Guest blog: “The Ontario pilot makes it clear — people want basic income”

Basic income recipients rally in Lindsay, Ontario (BILL HODGINS / METROLAND FILE PHOTO)



By: Jim Pugh, Universal Income Project


“It makes me feel dignified, even when society didn’t see my dignity.”

“I have been able to gain more independence and confidence, which opens doors for the future.”

“I was finally able to get ahead in life, start saving, and move out on my own.”

“For the first time in a very long time, I was feeling hopeful for the future and getting on top of my finances.”

These statements come from recipients of the Ontario Basic Income Pilot, a program to guarantee a minimum annual income of $16,989 Canadian — about $13,000 USD — to certain residents of Ontario, Canada. The aim of the pilot program, which was launched in late 2017, was to understand how people’s lives might change if they knew with certainty that they would have enough money to cover basic needs. The plan was to provide a guaranteed basic income to 4,000 people over the course of three years and then analyze what impact it had on recipients and their families.

That is, until the new government of Ontario decided to abruptly cancel the program.

The recently-elected Progressive Conservative government of Ontario announced in July that they intend to end the pilot program early, before any data could be collected. This decision reneged on an explicit promise made by the party during the campaign to continue the pilot program through completion.

While it’s unfortunate that cancelling the pilot program means a lost chance to better document and measure what impact a basic income has on people’s lives, what’s far worse is the impact this will have on those currently receiving support through the program. Basic income recipients have been going back to school, starting businesses, and generally making plans for their future, all based on the belief that they would continue to receive their basic income for the full three-year pilot duration. By suddenly ripping support away, many people will end up far worse off than they started.

But people are not taking this news lying down. Across Ontario and all of Canada, people have risen up to protest the cancellation plans. Rallies are being organized, articles are being written, and people are sharing their stories of what a tremendous impact basic income has had on their lives.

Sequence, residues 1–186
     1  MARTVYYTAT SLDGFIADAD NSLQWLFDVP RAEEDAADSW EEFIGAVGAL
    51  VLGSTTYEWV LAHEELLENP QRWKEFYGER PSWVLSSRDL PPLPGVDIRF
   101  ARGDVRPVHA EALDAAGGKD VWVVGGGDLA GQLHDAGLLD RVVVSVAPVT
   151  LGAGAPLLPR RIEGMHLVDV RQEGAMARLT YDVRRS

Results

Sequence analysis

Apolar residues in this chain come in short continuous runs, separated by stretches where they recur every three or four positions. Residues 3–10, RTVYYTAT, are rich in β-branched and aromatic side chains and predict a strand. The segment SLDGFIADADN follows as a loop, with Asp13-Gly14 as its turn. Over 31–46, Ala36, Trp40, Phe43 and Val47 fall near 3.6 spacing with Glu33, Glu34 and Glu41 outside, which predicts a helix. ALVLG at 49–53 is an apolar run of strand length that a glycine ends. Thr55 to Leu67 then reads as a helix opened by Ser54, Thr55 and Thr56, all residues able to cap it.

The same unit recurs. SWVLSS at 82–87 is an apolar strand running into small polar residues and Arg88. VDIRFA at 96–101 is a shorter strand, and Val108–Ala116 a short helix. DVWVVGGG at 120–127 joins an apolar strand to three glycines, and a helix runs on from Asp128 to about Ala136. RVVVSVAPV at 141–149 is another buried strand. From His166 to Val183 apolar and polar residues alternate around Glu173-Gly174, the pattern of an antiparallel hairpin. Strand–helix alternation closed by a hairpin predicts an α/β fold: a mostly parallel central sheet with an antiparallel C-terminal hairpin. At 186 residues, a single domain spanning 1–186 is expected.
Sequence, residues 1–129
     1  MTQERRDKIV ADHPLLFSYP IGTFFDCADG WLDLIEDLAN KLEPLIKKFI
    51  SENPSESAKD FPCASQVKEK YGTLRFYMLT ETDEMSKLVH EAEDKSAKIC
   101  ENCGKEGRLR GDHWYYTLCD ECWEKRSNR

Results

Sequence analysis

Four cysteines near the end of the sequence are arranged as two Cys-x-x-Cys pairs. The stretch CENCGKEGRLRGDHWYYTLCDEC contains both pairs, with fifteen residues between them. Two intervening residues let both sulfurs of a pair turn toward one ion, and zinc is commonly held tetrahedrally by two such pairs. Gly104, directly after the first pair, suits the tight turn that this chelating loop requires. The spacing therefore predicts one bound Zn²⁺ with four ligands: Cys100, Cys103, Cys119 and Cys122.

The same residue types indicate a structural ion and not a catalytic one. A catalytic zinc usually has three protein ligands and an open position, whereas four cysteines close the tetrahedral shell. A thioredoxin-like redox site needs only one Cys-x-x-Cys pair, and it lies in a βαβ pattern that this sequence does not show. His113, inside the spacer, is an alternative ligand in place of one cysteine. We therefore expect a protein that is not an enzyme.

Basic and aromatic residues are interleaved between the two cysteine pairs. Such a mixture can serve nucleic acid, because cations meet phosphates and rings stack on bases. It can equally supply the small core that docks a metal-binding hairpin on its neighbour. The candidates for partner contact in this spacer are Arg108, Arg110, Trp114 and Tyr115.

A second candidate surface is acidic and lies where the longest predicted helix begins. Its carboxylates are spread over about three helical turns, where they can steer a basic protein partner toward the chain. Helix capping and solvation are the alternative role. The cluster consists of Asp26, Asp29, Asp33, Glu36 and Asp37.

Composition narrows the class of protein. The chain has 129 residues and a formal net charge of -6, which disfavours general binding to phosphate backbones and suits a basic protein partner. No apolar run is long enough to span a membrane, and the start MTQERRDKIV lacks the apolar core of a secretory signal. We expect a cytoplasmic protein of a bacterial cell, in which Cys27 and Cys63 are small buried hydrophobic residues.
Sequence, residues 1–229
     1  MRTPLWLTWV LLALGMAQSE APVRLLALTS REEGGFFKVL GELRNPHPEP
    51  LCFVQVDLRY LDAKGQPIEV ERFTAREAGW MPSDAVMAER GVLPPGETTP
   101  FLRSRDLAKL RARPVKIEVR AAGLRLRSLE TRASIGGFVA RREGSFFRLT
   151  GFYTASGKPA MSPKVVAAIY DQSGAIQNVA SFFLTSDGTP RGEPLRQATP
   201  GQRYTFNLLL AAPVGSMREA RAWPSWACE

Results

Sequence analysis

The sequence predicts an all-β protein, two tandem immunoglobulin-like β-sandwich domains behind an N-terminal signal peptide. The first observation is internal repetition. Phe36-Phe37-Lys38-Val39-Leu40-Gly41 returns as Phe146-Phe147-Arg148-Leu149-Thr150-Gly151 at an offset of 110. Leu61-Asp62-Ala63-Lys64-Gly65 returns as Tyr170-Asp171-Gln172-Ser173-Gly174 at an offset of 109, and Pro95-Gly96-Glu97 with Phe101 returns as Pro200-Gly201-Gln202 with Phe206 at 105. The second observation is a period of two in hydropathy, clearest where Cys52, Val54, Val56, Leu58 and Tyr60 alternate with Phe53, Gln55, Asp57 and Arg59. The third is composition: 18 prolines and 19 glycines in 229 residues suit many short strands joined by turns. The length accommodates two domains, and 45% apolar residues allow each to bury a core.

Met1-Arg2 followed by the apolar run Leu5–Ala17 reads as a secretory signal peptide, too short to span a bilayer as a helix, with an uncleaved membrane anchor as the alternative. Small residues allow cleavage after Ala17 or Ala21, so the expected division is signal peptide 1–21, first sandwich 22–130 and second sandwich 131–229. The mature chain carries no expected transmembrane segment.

This response makes one thing abundantly clear: basic income is a policy of the people.

If you read most coverage of universal basic income in the United States, it would be understandable if you came away with the impression that this is an idea that’s only supported by Silicon Valley tech moguls who fear a coming wave of automation will massively displace workers, and the only solution is to give everyone some cash every month to ensure they don’t starve. But overshadowed by that sensationalized narrative are the many, many people, both in Canada and the US, who believe that a universal basic income would recognize and support fundamental human dignity and deservedness in a way that is sorely lacking in our current social safety net.

The response from Ontario gives us a rare glimpse into how much grassroots passion is actually behind basic income. Over 29,000 people have demanded that the Ontario government reverse their cancellation plans, and more and more basic income recipients are coming forward to share what a difference basic income has made in their lives. A lawsuit has been brought against the Ontario government over the cancellation plans, and efforts are being made to encourage the federal Canadian government to continue the pilot if the Ontario government will not.

It’s unclear at this point what will happen with the Ontario Basic Income Pilot. But regardless of the outcome, what is clear is that this is a policy that people want. The real question is if and when our elected officials will decide to listen.


This article has been updated from an original publication on Medium.

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